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    Ana Echeverri
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  • 7.  RE: Community Office Hours, April 2

    Posted Thu April 02, 2020 06:09 PM
    Edited by Sara Wedeman Thu April 02, 2020 06:10 PM
    Dear Anna,

    Thanks for your speedy response. 
    I carefully read your note, as well as the Data Science Skills Competency Model.
    On that basis, there are several things I'd like to clarify:

    • When I went to graduate school the fields "machine learning," "data science," and for that matter, "behavioral economics" did not exist - at least in name. This, however, does not imply they didn't exist in substance.
    • I could not have earned my degree without knowing how to identify valid, reliable measures to render hypotheses testable. Moreover, I could not have earned my degree without demonstrating, through original research, that I know how to:
      • Construct a credible, well researched, testable, meaningful hypothesis;
      • Choose appropriate measures for all variables;
      • Design/implement a process for collecting appropriate data in as unbiased a manner as possible;
      • Collect, record, and organize the data, taking into account levels of measurement;
      • Clean the database;
      • Plan, construct, and execute an analysis - using methods appropriate to the type of data, level of measurement, etc. (Yes, I have always done so using computers. As computing speed and power have increase, so has my ability to do more, better, faster, at less expense. And yes, I have been performing such analyses using multivariate methods such as: factor analysis, cluster analysis, regression analysis (all types), path analysis, multidimensional scaling, and etc. ad infinitum et nauseam since the mid- '80's*).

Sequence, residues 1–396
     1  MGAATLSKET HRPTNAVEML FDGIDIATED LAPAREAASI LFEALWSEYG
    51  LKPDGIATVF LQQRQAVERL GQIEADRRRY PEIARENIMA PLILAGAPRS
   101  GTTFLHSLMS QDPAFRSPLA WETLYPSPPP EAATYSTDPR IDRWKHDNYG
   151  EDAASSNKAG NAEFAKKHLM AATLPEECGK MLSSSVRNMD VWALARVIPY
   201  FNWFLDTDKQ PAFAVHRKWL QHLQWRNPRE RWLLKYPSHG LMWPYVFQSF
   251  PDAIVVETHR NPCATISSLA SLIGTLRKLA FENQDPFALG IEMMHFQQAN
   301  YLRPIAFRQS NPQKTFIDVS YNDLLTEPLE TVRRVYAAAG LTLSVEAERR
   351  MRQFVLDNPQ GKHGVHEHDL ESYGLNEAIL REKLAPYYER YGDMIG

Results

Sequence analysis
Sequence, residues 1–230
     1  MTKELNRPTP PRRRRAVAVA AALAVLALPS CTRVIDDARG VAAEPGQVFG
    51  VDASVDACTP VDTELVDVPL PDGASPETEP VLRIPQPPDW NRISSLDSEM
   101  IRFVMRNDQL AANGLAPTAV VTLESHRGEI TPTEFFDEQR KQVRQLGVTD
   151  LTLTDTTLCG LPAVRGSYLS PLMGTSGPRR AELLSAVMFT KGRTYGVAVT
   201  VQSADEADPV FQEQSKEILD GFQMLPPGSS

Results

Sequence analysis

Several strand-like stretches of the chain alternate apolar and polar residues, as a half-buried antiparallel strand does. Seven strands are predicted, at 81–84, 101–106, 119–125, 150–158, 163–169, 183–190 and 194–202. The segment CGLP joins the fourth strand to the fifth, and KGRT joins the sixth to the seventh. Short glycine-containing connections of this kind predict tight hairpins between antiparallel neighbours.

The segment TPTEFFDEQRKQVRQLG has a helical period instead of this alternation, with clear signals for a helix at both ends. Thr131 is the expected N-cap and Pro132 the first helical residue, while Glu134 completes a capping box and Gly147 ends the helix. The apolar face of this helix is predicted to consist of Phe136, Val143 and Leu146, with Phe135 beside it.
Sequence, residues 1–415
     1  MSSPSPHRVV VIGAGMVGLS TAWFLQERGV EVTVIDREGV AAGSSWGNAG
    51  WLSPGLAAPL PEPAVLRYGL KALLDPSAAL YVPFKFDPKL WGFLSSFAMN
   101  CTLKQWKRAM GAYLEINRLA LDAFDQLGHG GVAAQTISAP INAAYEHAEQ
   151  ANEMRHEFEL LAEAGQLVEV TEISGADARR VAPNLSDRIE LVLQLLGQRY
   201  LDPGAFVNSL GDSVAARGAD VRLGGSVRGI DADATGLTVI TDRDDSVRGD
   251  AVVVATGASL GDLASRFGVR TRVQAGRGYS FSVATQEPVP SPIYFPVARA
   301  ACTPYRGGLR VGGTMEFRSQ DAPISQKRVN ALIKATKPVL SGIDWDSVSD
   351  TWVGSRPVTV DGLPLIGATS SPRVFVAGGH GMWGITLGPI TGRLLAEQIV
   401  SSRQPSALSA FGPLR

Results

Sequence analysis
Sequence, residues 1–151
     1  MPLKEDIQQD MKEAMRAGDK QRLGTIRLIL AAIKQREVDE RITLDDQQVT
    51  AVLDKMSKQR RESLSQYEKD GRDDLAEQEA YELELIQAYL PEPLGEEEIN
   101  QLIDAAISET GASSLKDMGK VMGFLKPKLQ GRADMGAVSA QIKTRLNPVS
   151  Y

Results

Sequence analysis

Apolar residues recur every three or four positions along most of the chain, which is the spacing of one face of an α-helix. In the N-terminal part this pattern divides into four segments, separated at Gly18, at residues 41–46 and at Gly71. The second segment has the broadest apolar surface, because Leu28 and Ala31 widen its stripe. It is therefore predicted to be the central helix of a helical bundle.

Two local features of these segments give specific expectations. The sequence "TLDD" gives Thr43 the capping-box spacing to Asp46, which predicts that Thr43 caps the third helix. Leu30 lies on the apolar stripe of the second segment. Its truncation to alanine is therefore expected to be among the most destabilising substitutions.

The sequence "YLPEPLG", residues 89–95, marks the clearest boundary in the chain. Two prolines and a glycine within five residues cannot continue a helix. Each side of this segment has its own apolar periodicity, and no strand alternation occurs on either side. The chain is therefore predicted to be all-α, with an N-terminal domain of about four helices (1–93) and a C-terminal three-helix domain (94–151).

• Just because something was not formally affiliated with an official field when my colleagues and I put it to work does not imply that it was informal. There was, and is, nothing informal about anything we did. We worked in the real world, putting this knowledge to use, when it was almost unheard of. In fact, we did not announce what we were doing because we knew that if we were to do so, it might invite unwanted attention among those who might find it vexing. If you want a real adventure, try explaining to one of your employer's leadership team why your model contains 23 dimensions while he could count, at most, five: length, width, height, depth, and maybe time.